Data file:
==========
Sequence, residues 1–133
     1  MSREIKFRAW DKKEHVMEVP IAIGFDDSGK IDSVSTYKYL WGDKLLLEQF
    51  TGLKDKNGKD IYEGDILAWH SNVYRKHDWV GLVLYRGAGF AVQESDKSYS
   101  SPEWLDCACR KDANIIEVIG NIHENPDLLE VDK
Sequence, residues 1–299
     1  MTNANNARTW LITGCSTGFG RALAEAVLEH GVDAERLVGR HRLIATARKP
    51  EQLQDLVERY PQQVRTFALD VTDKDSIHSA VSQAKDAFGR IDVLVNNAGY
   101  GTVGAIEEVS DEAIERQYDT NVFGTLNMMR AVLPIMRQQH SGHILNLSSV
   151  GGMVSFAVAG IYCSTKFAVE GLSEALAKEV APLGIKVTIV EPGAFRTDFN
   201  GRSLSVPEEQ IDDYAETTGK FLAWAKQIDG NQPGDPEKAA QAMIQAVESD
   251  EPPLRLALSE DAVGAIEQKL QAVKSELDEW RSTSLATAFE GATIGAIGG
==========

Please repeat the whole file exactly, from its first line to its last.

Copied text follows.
Sequence, residues 1–133
     1  MSREIKFRAW DKKEHVMEVP IAIGFDDSGK IDSVSTYKYL WGDKLLLEQF
    51  TGLKDKNGKD IYEGDILAWH SNVYRKHDWV GLVLYRGAGF AVQESDKSYS
   101  SPEWLDCACR KDANIIEVIG NIHENPDLLE VDK
Sequence, residues 1–299
     1  MTNANNARTW LITGCSTGFG RALAEAVLEH GVDAERLVGR HRLIATARKP
    51  EQLQDLVERY PQQVRTFALD VTDKDSIHSA VSQAKDAFGR IDVLVNNAGY
   101  GTVGAIEEVS DEAIERQYDT NVFGTLNMMR AVLPIMRQQH SGHILNLSSV
   151  GGMVSFAVAG IYCSTKFAVE GLSEALAKEV APLGIKVTIV EPGAFRTDFN
   201  GRSLSVPEEQ IDDYAETTGK FLAWAKQIDG NQPGDPEKAA QAMIQAVESD
   251  EPPLRLALSE DAVGAIEQKL QAVKSELDEW RSTSLATAFE GATIGAIGG